“I could roll a joint the size of a house if I had all the material.” Tony Greenhand grew up obsessively sculpting with clay and wood. As his life took a more adult shape, he found himself looking for ways to incorporate his passion for creating forms into something he could do on a daily basis. Using what he had around him—cannabis and papers—he began creating joints simply to amuse himself. “I showed my friends my more intricate joints and they loved them,” Greenhand said. “That made me want to do it more.”
Eight years later, Greenhand has a huge following on social media and collaborates with cannabis companies to create bespoke joints. Greenhand’s newest project is the creation of a smokeable, seven-foot-tall Statue of Liberty that will hold 42 pounds of cannabis. To Greenhand’s knowledge, this joint will be the largest ever made. To construct the joint, he will first create a foam form in the shape of the Statue of Liberty and layer it in over 1500 king-sized papers.
“She’ll be six-and-a-half feet tall,” Greenhand explained, “the size of a person. I can fit inside of this thing.” Once the form is completely covered he will remove the foam from the paper, much like a snake shedding its skin. Likely the most complex part of the process will be moving the statue from his home studio, loading her onto a truck and then delivering her to the Chalice festival in California, where she is planned to be lit. The finished joint stands on a platform that contains a fan which will draw air through the joint to keep it alight. The joint, of course, will be lit from Lady Liberty’s torch. “With the fan assist on [the statue], even with 42lbs it can burn down in like 2 hours—it can be pretty fast. But no one has done this, so who knows. I smoked a 4.2lb watermelon joint, and just using our lungs we took it out in four hours.”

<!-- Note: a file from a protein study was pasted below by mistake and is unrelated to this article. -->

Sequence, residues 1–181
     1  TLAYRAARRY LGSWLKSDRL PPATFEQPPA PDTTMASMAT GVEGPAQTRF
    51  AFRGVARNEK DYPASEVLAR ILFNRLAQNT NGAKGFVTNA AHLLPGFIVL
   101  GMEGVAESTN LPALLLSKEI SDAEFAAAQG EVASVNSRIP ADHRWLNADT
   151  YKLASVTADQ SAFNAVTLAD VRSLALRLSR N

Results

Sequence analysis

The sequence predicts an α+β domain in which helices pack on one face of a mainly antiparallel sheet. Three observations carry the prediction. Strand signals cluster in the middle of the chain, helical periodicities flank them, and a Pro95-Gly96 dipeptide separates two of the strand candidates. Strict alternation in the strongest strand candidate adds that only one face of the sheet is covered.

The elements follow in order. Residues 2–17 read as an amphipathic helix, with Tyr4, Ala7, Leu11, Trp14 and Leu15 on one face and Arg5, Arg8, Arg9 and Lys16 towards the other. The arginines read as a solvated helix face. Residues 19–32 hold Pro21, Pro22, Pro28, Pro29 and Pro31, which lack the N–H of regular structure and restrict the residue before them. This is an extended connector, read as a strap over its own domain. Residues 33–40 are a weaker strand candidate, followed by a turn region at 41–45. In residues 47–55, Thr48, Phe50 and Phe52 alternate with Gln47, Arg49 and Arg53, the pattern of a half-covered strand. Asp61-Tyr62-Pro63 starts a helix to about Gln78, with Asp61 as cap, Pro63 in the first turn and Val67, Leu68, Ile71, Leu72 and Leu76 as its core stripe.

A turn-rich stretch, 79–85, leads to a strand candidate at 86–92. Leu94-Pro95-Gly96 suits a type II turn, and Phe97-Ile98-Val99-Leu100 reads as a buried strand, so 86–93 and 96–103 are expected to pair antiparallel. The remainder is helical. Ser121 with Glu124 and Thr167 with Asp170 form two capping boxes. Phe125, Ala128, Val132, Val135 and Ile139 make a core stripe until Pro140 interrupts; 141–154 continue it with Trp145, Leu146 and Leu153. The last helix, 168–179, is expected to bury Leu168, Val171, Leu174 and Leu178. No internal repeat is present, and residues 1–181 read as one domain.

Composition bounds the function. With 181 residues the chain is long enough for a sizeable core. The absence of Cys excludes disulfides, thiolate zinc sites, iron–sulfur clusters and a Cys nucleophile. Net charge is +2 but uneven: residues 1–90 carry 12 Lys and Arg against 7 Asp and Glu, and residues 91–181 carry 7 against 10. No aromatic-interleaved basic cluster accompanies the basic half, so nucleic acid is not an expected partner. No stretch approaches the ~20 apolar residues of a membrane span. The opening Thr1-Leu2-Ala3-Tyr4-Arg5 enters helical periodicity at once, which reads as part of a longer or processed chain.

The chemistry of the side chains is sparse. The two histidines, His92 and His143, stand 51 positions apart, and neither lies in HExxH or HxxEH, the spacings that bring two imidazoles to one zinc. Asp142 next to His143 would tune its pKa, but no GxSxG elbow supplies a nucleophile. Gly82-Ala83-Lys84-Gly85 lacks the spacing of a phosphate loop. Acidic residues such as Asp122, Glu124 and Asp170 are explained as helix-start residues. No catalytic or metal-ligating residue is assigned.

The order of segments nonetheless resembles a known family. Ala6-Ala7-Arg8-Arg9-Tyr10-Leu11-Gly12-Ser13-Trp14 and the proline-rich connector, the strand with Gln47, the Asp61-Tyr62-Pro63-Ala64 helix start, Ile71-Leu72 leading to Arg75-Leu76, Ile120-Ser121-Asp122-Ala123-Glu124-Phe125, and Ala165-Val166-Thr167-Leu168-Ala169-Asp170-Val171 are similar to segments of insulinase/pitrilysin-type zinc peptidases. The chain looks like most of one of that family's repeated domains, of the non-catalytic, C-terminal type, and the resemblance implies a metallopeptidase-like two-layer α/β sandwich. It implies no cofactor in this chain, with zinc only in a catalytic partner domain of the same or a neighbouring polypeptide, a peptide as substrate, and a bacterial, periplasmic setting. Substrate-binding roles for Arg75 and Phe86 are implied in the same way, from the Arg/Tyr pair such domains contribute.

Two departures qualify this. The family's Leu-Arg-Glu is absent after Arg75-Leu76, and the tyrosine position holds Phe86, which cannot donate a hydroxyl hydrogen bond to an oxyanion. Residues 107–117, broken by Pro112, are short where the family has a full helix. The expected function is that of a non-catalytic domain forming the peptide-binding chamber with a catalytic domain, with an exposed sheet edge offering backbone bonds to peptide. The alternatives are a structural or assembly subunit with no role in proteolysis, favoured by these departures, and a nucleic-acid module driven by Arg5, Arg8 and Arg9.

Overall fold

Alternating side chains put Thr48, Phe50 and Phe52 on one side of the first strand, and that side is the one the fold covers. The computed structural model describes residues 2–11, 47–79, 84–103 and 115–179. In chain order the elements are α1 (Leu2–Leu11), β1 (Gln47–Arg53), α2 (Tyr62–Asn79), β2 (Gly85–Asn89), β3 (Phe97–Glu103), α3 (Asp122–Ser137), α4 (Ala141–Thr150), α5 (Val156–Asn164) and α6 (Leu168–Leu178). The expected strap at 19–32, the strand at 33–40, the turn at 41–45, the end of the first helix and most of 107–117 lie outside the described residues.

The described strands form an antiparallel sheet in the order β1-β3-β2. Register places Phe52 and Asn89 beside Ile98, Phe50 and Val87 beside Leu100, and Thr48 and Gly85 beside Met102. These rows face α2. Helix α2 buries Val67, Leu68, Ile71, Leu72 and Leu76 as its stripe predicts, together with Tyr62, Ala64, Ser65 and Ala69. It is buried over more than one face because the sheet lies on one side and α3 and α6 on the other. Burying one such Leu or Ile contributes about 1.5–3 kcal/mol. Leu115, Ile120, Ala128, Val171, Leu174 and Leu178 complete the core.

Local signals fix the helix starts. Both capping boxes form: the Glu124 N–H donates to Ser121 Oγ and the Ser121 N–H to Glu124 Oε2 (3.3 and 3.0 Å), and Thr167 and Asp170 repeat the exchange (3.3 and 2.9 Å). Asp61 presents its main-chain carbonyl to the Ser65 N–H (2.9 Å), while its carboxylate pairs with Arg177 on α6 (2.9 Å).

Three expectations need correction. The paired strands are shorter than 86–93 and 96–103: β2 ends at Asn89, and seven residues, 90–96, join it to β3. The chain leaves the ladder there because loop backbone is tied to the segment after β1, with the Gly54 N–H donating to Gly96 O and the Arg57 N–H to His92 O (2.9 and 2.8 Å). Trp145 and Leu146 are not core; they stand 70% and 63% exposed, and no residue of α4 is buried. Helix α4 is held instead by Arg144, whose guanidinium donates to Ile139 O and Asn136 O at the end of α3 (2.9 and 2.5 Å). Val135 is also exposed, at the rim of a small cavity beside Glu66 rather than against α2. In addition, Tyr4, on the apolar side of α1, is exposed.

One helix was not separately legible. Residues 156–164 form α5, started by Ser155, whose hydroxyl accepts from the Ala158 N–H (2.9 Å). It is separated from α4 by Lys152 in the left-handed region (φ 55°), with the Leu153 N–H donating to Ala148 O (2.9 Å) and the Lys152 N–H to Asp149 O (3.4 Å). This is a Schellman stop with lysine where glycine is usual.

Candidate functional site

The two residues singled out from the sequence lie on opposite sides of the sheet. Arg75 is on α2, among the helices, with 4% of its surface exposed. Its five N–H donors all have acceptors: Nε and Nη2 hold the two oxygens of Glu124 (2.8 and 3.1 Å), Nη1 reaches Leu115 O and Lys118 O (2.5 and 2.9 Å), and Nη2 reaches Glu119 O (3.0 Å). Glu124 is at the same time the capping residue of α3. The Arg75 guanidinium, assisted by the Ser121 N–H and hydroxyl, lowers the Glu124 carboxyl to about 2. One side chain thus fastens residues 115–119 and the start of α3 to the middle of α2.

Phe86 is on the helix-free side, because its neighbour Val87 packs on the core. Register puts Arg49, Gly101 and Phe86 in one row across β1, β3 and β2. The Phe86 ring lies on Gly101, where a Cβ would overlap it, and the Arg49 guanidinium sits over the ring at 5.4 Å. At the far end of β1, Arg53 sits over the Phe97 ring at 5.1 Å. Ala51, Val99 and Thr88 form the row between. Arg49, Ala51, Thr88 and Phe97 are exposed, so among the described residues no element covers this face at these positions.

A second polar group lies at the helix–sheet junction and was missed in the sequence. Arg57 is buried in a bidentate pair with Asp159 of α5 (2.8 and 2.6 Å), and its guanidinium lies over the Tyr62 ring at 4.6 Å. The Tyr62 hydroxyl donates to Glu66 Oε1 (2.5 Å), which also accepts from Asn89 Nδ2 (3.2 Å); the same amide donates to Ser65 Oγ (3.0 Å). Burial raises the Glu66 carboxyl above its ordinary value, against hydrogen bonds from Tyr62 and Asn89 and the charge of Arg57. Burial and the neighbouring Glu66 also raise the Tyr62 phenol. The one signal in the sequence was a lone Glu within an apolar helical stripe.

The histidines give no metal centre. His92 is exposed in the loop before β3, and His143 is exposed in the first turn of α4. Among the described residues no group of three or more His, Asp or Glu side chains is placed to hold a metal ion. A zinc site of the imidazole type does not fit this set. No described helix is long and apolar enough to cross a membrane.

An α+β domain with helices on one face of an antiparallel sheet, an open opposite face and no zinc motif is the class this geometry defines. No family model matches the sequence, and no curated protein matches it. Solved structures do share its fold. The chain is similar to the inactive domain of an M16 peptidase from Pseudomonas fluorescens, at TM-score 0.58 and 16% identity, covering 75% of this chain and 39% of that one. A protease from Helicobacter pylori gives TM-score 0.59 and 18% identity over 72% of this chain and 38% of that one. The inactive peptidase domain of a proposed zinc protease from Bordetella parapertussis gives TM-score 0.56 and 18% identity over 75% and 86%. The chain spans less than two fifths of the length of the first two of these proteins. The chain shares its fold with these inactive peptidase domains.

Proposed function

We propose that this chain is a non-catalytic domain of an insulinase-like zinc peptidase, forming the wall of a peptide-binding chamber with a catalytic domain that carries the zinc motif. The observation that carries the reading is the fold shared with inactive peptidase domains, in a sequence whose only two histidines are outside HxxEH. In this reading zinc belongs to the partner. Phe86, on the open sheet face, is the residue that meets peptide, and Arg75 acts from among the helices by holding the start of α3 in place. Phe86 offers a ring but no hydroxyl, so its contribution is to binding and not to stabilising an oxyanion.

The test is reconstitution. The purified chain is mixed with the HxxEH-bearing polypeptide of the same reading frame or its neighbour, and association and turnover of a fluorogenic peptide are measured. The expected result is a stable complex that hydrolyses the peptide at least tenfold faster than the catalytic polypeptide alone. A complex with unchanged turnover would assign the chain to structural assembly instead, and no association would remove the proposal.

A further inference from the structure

DOPE spoke to Greenhand the day before he was due to arrive at Chalice festival with the world’s biggest joint, and we received some less than encouraging news: “I had a break when moving her that is pretty bad,” Greenhand relayed. “She’s so tall I’m going to have to assemble her down at Chalice. I’m on my way down to California now and will need to jump on fixing it ASAP to make sure it is pulled off. Wish me luck.”
His luck didn’t improve, however. DOPE received an email from the disappointed Greenhand which simply said: “Bro, my car broke down and I didn’t make it to Chalice.” The message ended with a small yellow emoji that has melted into a puddle of its own tears. His Instagram feed showed a video of his car being looked at by a mechanic, lit by the flashing yellow lights of a recovery truck. Greenhand narrates the short video: “Bad news.”
In the pursuit of any ambitious goal, it is often through failure that the hardest lessons are learned. The construction of a joint as tall as a person is difficult to achieve, and the fragile statue being made of nothing but paper supported by cannabis makes it a nightmare to transport. But no one could have predicted it would be mechanical issues that would bring the project to an end. It was a wild ride, and we here at DOPE know that Greenhand’s work, in both failure and success, is always worth your attention. It will only be a matter of time before Greenhand finally lights Lady Liberty’s torch.
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